- The federal policy of the 1930s seems to have brought an end to over-zoning in many areas, at least on the scale seen in the 1920s and the year 1950 was the busiest for the Planning Department since 1923: the city approved over 30,000 housing units, with 25,000 of these being single-family homes.
The third regime: the era of the homeowner. Anti-growth advocates the third, lasting from the 1960s until 2000.
- This was the ‘middle-class progressive regime’, a political system concentrated on as environmental protection, historical preservation, and other quality-of-life concerns. Problematically for homeowners, as land that could accommodate low-density development dwindled in L.A. and its vicinity. Developers began to pursue denser infill development in already built-up areas and height was only one target for homeowners’ groups.
- The city expanded the regimen of exclusive residential zones in the 1960s. It was increasingly evident that the combination of high land costs, density restrictions, and parking requirements was forcing developers to charge higher prices for housing units.
- Already in 1963, builder Ray Wyatt of Los Angeles complained that unreasonable density restrictions forced him to price units out of the range of the majority of consumers: ‘We are forced to build 75 percent of our houses at prices 15 percent of our customers can afford’, he said.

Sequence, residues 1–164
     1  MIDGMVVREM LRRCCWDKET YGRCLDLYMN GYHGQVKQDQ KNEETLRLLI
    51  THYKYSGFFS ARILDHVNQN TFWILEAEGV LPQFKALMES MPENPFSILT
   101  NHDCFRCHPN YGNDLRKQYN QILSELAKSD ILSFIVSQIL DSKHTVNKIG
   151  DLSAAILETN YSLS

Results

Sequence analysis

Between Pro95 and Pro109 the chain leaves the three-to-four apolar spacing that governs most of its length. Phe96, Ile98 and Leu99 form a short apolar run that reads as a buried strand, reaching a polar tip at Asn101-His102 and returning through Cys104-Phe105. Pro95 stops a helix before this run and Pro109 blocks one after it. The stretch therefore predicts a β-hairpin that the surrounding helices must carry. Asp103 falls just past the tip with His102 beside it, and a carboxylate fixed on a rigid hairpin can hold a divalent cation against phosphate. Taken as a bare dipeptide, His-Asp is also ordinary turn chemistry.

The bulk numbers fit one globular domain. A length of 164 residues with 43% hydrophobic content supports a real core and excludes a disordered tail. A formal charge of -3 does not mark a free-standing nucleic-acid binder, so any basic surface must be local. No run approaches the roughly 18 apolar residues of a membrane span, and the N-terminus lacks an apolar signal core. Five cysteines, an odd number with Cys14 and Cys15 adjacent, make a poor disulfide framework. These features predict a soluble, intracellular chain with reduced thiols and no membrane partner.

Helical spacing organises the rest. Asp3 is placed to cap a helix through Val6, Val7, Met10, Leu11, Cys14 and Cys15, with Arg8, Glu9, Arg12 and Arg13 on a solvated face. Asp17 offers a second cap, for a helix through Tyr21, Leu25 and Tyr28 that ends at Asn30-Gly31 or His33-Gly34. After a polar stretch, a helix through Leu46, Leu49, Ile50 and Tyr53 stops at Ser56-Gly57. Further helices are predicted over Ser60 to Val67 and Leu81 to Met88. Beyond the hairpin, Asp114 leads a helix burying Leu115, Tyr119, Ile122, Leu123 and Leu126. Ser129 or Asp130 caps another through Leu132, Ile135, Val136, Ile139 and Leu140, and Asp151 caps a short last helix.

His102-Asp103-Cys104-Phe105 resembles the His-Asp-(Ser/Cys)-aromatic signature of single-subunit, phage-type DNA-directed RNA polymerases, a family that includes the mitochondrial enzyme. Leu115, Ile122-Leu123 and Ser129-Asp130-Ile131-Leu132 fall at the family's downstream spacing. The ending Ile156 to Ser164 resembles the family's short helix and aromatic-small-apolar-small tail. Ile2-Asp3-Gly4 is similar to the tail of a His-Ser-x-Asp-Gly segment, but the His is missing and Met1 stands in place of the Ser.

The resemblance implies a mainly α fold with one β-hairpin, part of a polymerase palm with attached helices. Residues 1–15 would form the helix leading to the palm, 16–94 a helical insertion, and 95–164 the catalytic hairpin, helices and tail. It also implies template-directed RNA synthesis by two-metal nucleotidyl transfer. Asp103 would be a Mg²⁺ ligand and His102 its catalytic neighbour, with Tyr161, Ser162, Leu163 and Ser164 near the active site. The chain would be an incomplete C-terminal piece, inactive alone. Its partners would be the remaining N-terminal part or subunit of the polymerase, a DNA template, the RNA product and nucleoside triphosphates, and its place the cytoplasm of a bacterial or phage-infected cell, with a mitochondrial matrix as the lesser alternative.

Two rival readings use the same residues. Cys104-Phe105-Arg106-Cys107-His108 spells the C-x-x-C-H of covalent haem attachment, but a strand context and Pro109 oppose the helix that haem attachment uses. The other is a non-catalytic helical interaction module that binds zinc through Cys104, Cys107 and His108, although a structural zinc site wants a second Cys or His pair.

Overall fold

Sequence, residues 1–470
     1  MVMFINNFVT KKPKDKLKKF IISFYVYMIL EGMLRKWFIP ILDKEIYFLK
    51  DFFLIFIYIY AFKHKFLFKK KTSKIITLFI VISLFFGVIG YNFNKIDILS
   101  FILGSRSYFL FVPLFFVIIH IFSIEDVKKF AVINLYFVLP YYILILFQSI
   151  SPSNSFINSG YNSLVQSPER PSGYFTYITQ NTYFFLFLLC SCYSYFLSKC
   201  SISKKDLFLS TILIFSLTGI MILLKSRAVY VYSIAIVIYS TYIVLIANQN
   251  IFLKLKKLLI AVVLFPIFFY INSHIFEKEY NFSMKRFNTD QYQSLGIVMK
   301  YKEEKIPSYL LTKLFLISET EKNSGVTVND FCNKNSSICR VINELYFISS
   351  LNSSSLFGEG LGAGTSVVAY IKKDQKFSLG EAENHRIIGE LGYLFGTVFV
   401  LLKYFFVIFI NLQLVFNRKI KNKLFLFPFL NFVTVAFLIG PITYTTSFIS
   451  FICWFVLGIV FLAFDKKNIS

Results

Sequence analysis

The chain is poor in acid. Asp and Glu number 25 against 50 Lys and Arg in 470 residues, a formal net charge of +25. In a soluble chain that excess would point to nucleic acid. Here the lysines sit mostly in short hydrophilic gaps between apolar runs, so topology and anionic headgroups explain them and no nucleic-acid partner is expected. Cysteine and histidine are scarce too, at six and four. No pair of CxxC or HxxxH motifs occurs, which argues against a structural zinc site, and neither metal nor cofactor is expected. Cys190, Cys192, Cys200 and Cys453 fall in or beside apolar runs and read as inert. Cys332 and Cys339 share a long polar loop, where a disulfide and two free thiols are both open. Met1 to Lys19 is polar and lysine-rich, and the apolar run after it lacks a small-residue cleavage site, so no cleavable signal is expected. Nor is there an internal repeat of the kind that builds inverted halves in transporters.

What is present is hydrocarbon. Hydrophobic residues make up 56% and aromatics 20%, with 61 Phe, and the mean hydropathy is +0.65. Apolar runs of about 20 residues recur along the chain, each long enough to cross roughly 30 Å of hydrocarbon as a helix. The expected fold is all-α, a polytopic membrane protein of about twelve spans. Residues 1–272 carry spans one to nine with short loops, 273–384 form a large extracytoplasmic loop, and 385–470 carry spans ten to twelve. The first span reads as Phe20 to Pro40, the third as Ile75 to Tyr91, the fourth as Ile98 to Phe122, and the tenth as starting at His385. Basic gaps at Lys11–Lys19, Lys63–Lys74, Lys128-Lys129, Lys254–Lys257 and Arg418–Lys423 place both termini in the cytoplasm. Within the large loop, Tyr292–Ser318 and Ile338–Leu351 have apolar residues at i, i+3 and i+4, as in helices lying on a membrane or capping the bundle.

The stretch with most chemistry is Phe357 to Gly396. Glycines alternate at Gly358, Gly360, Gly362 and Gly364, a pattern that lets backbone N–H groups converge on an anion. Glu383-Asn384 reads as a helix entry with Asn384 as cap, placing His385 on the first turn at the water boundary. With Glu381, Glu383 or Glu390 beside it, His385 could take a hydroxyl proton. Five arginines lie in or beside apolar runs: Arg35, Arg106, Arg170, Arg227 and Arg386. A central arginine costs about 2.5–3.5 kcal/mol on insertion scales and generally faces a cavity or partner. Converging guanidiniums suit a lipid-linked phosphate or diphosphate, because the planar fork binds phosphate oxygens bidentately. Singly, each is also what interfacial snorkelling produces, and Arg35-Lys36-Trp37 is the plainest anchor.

- Public faith in planning and zoning fell precipitously, and From 1972, the Planning Department began to organize its staff geographically to encourage specialization in local issues and priorities. One result of this in the 1970s was a rebellion against property taxes in the form of Proposition 13, a 1978 state-wide measure severely restricting cities’ and counties’ ability to raise taxes on residential property.
- As a result, residential construction, as far as fiscally minded planners viewed it as a revenue-generating commodity, lost much of its appeal. The Housing Element of 1986 reported that the combined effects of Proposition 13 and zoning restrictions meant that housing turnover was slow, and when new units were added to the city’s supply or older units came onto the market, they tended to go to the highest bidder. NIMBYs arrived on the scene and CEQA was established in 1970 and Proposition U passed in 1986, thereby reducing the allowable size of new buildings on 70-85 percent of the commercial and industrial areas of L.A. by one-half.
*According to a 2001 Brookings Institute report Sprawl Hits the Wall: In the 1990s, L.A. County added more than 1 million residents, the vast majority of them in existing urban neighborhoods. But overall L.A. County housing production dropped from 400,000 units in the 1980s to only 120,000 units in the 1990s. Most of this drop came in the multi-family category—a decline from 270,000 units in the 1980s to only 56,000 in the 1990s.
Two other key things occurred:
- In 1986 the rental vacancy rate in the LA/LB metro area in 1986 was 2.9 percent. Developers saw an opportunity to build more supply, and did so. Then the economy turned and the vacancy rate started climbing at a rapid clip. By 1995 the vacancy rate was 8.9 percent in the same metro statistical area (this is from US Census Bureau stats).